A security firm’s released an interesting survey of trends in the most popular words used in phishing emails. Trying to get the targets to click on a malicious attachment, crooks went from preferring “label,” “invoice,” and “post” in the second half of 2011 to “DHL,” “notification,” and “delivery” in the first half of 2012.
Indeed, both of the top-20 lists are dominated by shipping-related keywords. This seems odd at first: normally you think of phishing scams as offering up links to reverse fraudulent transactions or “confirm your account password.”
As I suggested a long time ago, though, much more effective than phishing is spear-phishing. If the attacker can craft a malicious email that fits within the target’s normal window of experience, the attack is much more likely to succeed. Usually this means using keywords and people’s names the attacker knows the target is familiar with. Shipping and delivery confirmations represent a wonderful way to integrate this sort of knowledge into an attack, by e.g using the target’s shipper of choice and a recipient or sender name the target already sends or receives many packages from.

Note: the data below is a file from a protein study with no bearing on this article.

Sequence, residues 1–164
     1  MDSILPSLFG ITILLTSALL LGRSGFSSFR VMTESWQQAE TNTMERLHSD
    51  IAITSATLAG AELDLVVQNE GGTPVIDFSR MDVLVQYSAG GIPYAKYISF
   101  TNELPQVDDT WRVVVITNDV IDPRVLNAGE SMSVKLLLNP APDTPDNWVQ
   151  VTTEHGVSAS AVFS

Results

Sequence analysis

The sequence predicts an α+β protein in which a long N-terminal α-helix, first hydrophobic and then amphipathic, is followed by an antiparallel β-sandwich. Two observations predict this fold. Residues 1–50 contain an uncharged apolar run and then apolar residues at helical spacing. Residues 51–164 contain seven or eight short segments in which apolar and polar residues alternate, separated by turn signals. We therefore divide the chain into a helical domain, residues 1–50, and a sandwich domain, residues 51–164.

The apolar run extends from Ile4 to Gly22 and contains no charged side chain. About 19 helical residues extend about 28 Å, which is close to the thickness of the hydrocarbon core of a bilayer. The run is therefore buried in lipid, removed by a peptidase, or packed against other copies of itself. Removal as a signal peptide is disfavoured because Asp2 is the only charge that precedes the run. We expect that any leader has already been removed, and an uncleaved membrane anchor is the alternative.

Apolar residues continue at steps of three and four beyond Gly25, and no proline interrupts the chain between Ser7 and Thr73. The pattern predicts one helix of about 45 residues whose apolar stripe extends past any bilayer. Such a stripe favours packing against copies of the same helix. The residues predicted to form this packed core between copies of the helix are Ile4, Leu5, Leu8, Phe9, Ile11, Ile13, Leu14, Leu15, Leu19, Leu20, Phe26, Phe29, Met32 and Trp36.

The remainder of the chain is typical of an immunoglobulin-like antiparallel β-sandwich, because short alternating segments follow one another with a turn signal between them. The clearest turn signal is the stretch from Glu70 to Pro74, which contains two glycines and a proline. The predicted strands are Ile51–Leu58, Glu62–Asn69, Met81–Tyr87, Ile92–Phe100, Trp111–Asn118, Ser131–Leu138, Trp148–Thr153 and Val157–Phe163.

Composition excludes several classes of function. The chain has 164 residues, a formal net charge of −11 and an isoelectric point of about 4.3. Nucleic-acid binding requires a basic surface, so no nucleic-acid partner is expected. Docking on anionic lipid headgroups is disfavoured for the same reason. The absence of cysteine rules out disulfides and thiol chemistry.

“The top words cybercriminals use create a sense of urgency, to trick unsuspecting recipients into downloading malicious files. The top word category used to evade traditional IT security defenses in email-based attacks relates to express shipping, according to FireEye.
Urgent terms such as “notification” and “alert” are included in about 10 percent of attacks. An example of a malicious attachment is “UPS-Delivery-Confirmation-Alert_April-2012.zip.”